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Group Life Insurance Through Work? What You Need To Know, Part 2

On Behalf of | Oct 25, 2018 | Estate Planning

Last week, we met Charles, a fictional insurance company employee who has a group life policy that, unfortunately, won’t be giving his family the coverage they need. Here’s why.

While getting life insurance through your employer is convenient, cost-effective, and has a fairly broad range of options for those with serious medical conditions, there are some disadvantages to group life insurance.

For one thing, it’s unlikely that you will stay with the same employer for the rest of your life, which could be several decades. It is sometimes possible to modify your group life coverage into individual coverage, but this will increase the cost of your insurance dramatically.

It’s also plausible that your new employer doesn’t offer group life insurance. In that case, you’d have to look into purchasing life insurance on your own, which will get more costly as you get older. If group life insurance is important to you, don’t assume that your new employer will have the same offer as your former employer. Be sure to ask your new employer before you accept that job.

Employer-offered group life insurance is a type of term insurance, meaning it’s offered over a specified period of time. It’s relatively straightforward and is the best option for most folks. If you’re interested in different insurance products, such as whole life or universal life, then it’s wise to talk to a financial advisor. It is also wise to consult with an expert if you have many dependents.

Generally, it’s a good idea to take what your employer is offering if it’s free. At a minimal cost of a few dollars a month, you should still take advantage of the offer. It may not seem like much, but anything you can leave to your loved ones after your passing can be of enormous assistance and bring peace of mind.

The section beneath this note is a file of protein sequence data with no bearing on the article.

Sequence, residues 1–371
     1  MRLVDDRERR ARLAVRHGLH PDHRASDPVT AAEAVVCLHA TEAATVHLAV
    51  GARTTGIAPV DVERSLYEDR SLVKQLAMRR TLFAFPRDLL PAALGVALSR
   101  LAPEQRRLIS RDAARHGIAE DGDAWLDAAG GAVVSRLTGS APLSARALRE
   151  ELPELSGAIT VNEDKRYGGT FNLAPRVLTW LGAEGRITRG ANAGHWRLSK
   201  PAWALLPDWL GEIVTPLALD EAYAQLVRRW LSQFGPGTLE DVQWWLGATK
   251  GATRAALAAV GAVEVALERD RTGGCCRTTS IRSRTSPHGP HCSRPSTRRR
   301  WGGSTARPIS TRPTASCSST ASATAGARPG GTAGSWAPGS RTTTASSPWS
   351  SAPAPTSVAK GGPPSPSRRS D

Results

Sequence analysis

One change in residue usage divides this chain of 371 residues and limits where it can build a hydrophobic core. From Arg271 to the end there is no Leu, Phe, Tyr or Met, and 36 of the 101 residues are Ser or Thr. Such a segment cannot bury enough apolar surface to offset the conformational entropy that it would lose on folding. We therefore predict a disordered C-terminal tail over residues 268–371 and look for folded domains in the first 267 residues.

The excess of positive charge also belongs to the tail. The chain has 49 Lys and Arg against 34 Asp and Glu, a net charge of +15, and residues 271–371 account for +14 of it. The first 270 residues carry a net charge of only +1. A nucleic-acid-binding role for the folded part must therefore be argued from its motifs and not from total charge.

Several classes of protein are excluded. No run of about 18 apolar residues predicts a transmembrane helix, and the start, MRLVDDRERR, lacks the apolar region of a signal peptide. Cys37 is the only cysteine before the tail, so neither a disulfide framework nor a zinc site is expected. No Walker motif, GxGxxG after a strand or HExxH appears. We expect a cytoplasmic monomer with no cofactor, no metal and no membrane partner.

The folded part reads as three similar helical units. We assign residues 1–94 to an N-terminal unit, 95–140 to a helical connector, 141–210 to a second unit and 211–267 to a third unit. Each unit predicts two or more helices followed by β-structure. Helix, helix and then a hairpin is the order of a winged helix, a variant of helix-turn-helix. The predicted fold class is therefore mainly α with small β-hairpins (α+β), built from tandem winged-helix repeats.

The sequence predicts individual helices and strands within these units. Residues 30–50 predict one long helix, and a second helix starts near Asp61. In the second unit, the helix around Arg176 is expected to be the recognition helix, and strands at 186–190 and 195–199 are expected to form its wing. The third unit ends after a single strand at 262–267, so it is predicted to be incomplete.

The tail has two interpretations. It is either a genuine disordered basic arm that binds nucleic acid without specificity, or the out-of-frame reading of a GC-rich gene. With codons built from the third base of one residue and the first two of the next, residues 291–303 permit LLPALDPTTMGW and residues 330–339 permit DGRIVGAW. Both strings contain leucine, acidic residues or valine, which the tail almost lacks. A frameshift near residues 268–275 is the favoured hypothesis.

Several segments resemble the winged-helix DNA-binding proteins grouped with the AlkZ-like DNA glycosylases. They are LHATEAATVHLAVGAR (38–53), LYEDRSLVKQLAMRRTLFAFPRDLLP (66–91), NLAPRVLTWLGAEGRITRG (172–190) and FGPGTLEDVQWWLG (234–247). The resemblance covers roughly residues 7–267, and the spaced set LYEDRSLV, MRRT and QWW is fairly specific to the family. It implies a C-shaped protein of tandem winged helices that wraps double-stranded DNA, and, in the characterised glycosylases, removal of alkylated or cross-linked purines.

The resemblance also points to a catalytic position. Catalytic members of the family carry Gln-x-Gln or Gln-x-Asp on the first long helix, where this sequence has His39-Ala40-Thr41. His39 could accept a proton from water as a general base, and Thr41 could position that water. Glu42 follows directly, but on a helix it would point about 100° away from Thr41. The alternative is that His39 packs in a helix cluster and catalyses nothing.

That brings us back to Charles. Being well-versed in the elements of the insurance business, you’d think he would have made certain that his insurance was locked down. Perhaps he was a little too comfortable with his familiarity with the industry. His mistake? As he finished up the paperwork in his employee benefits package, he neglected to take the single page that signed him up for group life insurance and turn it over. There, he would have found another place to sign his name and date it. Failing to sign and date that side of the document left him completely uncovered, and resulted in a painful denial of coverage for his loved ones.

Anytime you’re dealing with something as serious as life insurance, be thorough—perhaps even recruit the help of a trusted legal advisor—since little things can go wrong, even for an expert. Take care of your people after you’re gone. And be certain of it.

To set up a free consultation with a certified elder law attorney, please call Kreisher Marshall & Associates, LLC at (570) 784-5211. We take care of all issues on aging in Pennsylvania and have assisted many families with their estate planning.